When threatened, sea cucumbers violently contract their muscles and discharge some of their internal organs out of their anuses. The discharge will confuse the enemy and give it a hearty meal, giving the sea cucumbers an opportunity to escape. The missing body parts can later be regenerated. In addition to this form of defense, they can also release dense and sticky white filaments to entangle their predators.
Sea cucumbers (Holothuroidea), which look like soft-bodied cucumbers, are echinoderms. All sea cucumbers are ocean dwellers, though some inhabit the shallows and others live in the deep ocean. They live on or near the seafloor.
They feed on plankton, algae and decaying matter. When sea cucumbers scavenge the seafloor for their food, they also ingest lots of sand.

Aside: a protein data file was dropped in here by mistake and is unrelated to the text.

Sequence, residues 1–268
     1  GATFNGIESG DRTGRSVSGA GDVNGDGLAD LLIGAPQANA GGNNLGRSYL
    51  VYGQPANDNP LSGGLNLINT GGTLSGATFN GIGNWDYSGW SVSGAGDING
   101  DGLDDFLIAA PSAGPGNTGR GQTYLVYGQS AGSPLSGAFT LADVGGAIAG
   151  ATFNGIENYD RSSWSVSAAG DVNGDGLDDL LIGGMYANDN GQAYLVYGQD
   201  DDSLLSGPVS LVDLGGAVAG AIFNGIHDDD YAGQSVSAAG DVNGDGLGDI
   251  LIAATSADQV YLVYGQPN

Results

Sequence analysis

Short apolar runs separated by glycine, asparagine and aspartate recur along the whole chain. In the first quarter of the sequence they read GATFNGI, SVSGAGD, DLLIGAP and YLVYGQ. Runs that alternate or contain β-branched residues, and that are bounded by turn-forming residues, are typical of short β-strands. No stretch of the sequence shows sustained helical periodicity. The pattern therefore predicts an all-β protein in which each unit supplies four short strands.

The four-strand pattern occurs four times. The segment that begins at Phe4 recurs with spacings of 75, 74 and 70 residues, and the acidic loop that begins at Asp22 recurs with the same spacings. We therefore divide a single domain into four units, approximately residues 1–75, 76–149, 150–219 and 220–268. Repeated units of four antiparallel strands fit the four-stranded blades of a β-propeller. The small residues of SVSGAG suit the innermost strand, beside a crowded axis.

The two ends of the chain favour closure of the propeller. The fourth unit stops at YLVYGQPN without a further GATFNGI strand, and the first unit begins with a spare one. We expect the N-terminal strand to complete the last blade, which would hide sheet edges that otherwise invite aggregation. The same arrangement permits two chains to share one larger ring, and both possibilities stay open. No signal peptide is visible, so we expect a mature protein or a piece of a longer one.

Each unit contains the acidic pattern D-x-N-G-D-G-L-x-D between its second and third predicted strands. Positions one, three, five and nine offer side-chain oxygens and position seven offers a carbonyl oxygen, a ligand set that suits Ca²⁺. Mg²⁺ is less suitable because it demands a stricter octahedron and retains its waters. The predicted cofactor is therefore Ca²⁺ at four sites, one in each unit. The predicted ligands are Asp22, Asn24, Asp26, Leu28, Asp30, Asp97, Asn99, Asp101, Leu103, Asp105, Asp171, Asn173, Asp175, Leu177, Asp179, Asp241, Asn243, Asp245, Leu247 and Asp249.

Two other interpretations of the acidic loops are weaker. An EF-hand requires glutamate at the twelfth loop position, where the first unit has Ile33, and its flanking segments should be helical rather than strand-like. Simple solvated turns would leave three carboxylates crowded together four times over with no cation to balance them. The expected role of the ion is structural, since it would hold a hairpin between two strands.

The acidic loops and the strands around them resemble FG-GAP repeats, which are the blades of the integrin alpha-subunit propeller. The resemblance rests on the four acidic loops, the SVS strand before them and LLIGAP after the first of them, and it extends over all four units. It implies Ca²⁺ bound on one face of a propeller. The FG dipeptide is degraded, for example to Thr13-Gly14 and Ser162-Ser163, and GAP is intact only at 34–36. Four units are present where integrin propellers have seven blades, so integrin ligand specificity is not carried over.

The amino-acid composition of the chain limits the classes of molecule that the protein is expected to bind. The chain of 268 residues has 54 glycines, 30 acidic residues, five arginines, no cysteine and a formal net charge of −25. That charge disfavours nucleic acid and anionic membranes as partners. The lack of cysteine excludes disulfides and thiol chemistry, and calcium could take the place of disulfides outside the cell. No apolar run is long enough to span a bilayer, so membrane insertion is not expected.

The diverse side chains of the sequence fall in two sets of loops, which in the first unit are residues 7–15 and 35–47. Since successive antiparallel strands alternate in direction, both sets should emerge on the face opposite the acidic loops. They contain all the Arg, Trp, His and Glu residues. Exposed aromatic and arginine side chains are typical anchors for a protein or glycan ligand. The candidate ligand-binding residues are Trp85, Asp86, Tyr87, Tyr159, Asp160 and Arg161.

Actually, sea cucumbers are very fragile. When a sea cucumber leaves the water or is exposed to high temperatures and oil, the enzyme in its body activates, which will dissolve itself into liquid within a few hours.
According to China Daily, in August 2018, many parts of northeast China's Liaoning Province experienced high temperatures, with the highest temperature in some areas exceeding 40 degrees Celsius. Because of the high temperatures, many sea cucumbers melted in the water. The unusually high temperatures severely hit the sea cucumber farming industry.
About The Blue World series:
The ocean covers more than 70 percent of the Earth. In this blue world, there are all kinds of marine life with surprising abilities we don't know about. In this series, CGTN guides you through the journey of exploring the amazing animals in the ocean.